For history buffs, the city is most recognizable as the place where Roman Catholic St. Joan of Arc was burned at the stake in 1431, and as the home of the awe-inspiring Rouen Cathedral. Built over three centuries, the cathedral has seen the crowning of various dukes of Normandy.
Several are buried in the cathedral, which also houses the heart of England’s King Richard I, who ruled in the 12th century. The famed king was known as Richard the Lion Heart, and is remembered for battling the first sultan of Egypt and Syria, Saladin, during the Crusades. Fast forward to the 19th century, and the much-loved artist Monet made it his mission to document the beautiful facades of the cathedral in a series of paintings completed in the 1890s.
Mont St. Michel
It is impossible to miss the abbey of Mont St. Michel as you drive toward it through twisting country lanes — it is awe-inspiring even at a distance. The abbey was built on the highest point of a tiny island near the frontier between Brittany and Normandy more than 1,000 years ago.
What began as a religious sanctuary, built on a rock in 708 AD by the bishop of the nearby town of Avranches, was developed into the megastructure we see today between the 11th and 16th centuries. It quickly became one of the most important places of medieval pilgrimage, and was declared a UNESCO World Heritage Site in 1979.
Nowadays the site is a busy tourist trap, so make sure to visit early in the day or be prepared to climb the stone stairways in order to escape the hubbub below. Whether you arrive by car or coach, you will park in a set of car parks about 20 minutes away from the island, and can choose to travel by a free shuttle or pay a fee for a horse-driven cart.
Normandy is a mere three-hour drive from Paris, so jetting into the capital and organizing a car or coach trip is the best way to soak in the delights of this food, history and art-rich stretch of France.


Jeddah Summer festival begins on June 25

The event has succeeded in establishing Jeddah as an international tourist destination with its tourism boom and high annual hotel occupancy rate. (SPA)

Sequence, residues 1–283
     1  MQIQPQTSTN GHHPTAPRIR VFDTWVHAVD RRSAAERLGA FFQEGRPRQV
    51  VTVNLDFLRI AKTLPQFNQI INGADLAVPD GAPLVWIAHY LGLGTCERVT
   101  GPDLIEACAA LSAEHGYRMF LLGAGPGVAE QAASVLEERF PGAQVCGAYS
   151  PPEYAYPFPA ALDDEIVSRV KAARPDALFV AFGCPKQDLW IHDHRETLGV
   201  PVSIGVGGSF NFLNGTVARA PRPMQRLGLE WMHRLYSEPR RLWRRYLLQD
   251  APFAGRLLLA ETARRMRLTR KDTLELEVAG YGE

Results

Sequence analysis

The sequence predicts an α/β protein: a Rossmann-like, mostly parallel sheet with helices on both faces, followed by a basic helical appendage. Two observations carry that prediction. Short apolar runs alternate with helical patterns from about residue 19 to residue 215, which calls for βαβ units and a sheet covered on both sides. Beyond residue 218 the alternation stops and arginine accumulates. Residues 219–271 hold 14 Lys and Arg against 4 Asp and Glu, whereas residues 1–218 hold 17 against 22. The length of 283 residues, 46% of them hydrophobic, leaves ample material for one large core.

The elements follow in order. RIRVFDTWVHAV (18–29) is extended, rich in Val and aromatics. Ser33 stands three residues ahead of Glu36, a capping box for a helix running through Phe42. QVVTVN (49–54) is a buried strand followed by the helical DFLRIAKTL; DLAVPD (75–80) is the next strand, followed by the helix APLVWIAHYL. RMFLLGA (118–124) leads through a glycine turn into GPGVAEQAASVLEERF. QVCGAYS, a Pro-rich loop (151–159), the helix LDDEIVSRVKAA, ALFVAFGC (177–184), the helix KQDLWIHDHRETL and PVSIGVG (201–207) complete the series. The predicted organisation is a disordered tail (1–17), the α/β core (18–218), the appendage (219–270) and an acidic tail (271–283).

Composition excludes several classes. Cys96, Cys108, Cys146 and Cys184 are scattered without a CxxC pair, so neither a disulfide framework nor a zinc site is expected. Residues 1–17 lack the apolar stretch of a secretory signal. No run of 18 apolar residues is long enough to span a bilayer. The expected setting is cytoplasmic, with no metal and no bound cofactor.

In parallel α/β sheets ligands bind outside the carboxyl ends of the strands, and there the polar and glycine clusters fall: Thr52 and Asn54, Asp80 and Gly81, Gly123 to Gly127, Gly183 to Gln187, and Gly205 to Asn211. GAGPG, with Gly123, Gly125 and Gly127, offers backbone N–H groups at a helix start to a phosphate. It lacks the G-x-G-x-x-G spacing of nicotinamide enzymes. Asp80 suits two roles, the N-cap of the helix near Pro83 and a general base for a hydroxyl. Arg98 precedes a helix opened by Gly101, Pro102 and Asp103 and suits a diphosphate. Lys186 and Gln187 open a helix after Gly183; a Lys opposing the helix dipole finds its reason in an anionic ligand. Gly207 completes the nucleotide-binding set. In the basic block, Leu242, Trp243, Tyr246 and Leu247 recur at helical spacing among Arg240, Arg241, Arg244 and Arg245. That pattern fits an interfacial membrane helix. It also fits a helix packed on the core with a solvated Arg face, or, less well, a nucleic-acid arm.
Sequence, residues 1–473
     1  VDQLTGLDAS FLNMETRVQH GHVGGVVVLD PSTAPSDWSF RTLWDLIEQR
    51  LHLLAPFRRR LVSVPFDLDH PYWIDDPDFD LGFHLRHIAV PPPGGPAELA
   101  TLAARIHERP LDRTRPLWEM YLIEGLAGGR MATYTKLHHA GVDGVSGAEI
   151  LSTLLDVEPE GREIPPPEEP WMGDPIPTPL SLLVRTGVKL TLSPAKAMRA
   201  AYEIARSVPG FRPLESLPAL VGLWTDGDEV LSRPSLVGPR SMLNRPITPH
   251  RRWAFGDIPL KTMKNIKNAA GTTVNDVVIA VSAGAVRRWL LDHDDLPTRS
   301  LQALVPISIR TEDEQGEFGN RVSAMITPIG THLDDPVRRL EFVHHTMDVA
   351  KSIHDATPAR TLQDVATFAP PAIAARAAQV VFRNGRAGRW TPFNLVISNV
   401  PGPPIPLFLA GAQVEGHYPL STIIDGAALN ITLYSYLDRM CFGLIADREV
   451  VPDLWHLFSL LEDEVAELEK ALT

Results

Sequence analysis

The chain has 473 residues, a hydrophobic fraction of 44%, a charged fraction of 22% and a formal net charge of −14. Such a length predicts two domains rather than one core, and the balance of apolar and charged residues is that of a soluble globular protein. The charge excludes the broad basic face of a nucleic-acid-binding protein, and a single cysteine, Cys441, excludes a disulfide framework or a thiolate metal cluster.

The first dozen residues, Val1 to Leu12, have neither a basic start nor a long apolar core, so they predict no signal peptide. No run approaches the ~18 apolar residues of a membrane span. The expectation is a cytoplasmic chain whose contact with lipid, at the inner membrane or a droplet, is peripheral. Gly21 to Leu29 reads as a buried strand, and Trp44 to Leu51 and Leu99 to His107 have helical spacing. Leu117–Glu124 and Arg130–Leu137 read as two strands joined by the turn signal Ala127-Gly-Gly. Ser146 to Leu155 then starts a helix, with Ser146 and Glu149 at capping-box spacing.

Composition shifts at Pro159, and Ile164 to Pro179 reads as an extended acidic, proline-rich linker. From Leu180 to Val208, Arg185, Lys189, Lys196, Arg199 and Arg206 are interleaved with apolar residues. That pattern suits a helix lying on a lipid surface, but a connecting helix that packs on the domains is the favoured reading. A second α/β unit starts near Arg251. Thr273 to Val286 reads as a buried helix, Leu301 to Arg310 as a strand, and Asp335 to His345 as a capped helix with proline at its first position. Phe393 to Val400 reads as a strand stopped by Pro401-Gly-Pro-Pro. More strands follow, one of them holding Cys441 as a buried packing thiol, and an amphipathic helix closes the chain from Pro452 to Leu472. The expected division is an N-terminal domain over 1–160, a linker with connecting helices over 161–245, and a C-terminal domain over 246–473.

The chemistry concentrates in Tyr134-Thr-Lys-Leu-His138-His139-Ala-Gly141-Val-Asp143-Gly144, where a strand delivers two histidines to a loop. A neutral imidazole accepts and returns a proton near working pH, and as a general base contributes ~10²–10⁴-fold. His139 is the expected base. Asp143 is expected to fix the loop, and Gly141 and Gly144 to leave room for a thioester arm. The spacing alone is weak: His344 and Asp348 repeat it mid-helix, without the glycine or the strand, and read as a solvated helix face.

Updated 11 June 2018
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Jeddah Summer festival begins on June 25

  • During the festival, people will compete for 500 prizes worth SR1 million and draws on various other prizes
  • The festival gives investors in the tourism sector a variety of options to expand their investments to include shopping and entertainment sectors

JEDDAH: The 20th Jeddah Summer festival kicks off on June 25, offering 50 cultural and entertainment activities, including theater performances, folk art, maritime shows, shopping activities, poetry evenings, and sports events.
The 30-day festival is organized by the Jeddah Chamber of Commerce and Industry (JCCI) with the participation of 10 big shopping centers.
During the festival, people will compete for 500 prizes worth SR1 million and draws on various other prizes.
JCCI Secretary-General Hassan bin Ibrahim Dahlan said that the Jeddah Summer festival was one of the most important festivals in the region.
He pointed out that the JCCI, with its experience in managing festivals and events, has benefited from international experiences for investing in a Saudi tourism product.
“This year, we have focused on attracting visitors and families from inside and outside the Kingdom through a series of activities that satisfy all tastes at the Jeddah Corniche, at shopping malls, and across Jeddah,” he added.
Dahlan explained that the festival’s organizers were keen to capture the cultural and civilizational aspects of the Makkah region in general and Jeddah in particular in order to make a qualitative leap in domestic tourism and achieve the objectives of the Kingdom’s Vision 2030.
He explained that some of the activities were to be held for the first time during the 20th Jeddah Summer festival this year with the support from the Jeddah Municipality, the General Entertainment Authority, and the Saudi Commission for Tourism and National Heritage.
“The JCCI was assigned the great responsibility of choosing various quality activities that meet international standards,” he said.
“The festival gives investors in the tourism sector a variety of options to expand their investments to include shopping and entertainment sectors, especially in light of the increased number of visitors to Jeddah throughout the year.
“The event has succeeded in establishing Jeddah as an international tourist destination with its tourism boom and high annual hotel occupancy rate, owing to the developed and innovative Saudi tourism products provided,” he continued.
Dahlan pointed out that for the first time, this year’s festival will host a friendly basketball tournament for people with special needs, broadcast the FIFA World Cup games, feature an air village, and hold cultural activities related to women driving cars such as “Hayya Nasouq” (Let’s Drive).
Dahlan also emphasized the importance of the festival’s partnership with the Ministry of Commerce and Investment and the promotional programs and contests it offers.